e-commerce provides rapid growth for mid-sized LSPs such as Clipper


Whilst Amazon is attempting to dominate the e-retail market by creating a vast integrated logistics capability, it is important to remember that there are a small army of third party logistics service providers who are adapting to the opportunities that e-commerce offers.

One example is Clipper Logistics. A medium sized contract logistics provider in the UK, that has re-oriented itself to exploit the move into internet shopping by conventional retailers.

The most recent numbers illustrate this. For the past six months, Clipper saw revenue climb by 16.5% to £164.9m and profit in terms of EBIT up 23.2% at £7.6m. Although not all of the company’s revenue is e-commerce related, around half is and this segment grew solidly.

The driver was, according to Clipper’s management, organic growth from its existing retail clients. These include the clothing retailer ASOS and the furniture and homeware store John Lewis. The operations for these two large clients are focussed on fulfilment centre operations. The John Lewis relationship is particularly dynamic. The ‘click and collect’ contract agreed last year has been expanded to cover the whole of the UK and as a result has been moved into a joint venture. This has demanded the opening of a new fulfilment facility in Northampton. In addition, Clipper has grown its returns management operation for clothing retailer Marks & Spencer.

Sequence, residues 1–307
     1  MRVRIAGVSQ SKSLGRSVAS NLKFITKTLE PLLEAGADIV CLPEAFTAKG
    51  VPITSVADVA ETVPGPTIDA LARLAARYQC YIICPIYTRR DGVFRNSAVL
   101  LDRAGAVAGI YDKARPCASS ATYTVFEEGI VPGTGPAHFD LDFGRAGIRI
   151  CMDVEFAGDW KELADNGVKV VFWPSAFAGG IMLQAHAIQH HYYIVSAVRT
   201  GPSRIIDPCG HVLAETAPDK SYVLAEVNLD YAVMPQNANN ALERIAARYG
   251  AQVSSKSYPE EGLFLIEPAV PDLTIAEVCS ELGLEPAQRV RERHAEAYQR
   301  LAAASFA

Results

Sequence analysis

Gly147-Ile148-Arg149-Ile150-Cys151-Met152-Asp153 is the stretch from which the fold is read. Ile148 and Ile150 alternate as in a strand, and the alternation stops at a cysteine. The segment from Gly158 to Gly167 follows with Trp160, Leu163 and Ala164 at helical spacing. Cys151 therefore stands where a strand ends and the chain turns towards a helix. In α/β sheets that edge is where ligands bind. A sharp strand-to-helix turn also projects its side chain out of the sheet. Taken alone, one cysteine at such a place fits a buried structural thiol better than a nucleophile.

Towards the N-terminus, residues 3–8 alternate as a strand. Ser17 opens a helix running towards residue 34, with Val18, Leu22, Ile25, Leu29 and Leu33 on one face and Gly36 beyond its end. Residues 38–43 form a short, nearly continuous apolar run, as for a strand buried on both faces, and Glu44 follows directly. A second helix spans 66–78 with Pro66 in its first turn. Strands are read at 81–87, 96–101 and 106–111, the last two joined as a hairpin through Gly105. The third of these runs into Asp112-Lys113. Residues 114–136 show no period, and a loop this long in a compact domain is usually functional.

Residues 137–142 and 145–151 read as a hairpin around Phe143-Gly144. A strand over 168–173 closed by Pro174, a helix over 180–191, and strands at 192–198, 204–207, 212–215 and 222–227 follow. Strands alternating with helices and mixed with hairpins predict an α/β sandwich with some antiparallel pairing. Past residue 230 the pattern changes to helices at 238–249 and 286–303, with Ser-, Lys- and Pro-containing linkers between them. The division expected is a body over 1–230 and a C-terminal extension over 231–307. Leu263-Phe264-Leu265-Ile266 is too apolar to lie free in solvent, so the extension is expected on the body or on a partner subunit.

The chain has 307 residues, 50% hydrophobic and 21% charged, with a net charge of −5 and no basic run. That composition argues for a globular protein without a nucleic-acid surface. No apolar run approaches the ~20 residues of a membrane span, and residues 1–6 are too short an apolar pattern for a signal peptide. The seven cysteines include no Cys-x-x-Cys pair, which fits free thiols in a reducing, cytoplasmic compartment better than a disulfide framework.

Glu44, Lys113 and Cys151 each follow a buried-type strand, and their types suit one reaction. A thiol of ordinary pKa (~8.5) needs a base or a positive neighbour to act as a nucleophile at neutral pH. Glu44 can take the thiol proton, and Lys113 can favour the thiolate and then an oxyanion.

Clipper is a small contract logistics provider in a very large pond. Sustaining such double digit growth rates in the future will not be easy, not least as the company will have to face major changes in warehousing technology which may well force changes in its corporate finance profile. Yet what Clipper does demonstrate is that in a world where world trade is assumed to be becalmed and the growth rates for forwarders and contract logistics businesses are miserable, there are major opportunities to be had in new types of logistics services. The potential is vast, the market is fast growing and the margins are potentially higher than those traditionally expected in logistics.

If this brief has been of interest you might also like to download Ti’s Global e-commerce 2016 report. The report contains Ti’s bespoke market size and forecasting data, as well as overviews of some of the world’s leading e-commerce businesses. In addition, the report includes company profiles of both post offices, LSPs and dedicated e-commerce solution providers to showcase the different strategies shaping the market we know today. Ti will be publishing it’s 2017 version of the report early next year, for more information, contact Michael Clover, [email protected].

Source: Transport Intelligence, December 7th, 2016

Author: Thomas Cullen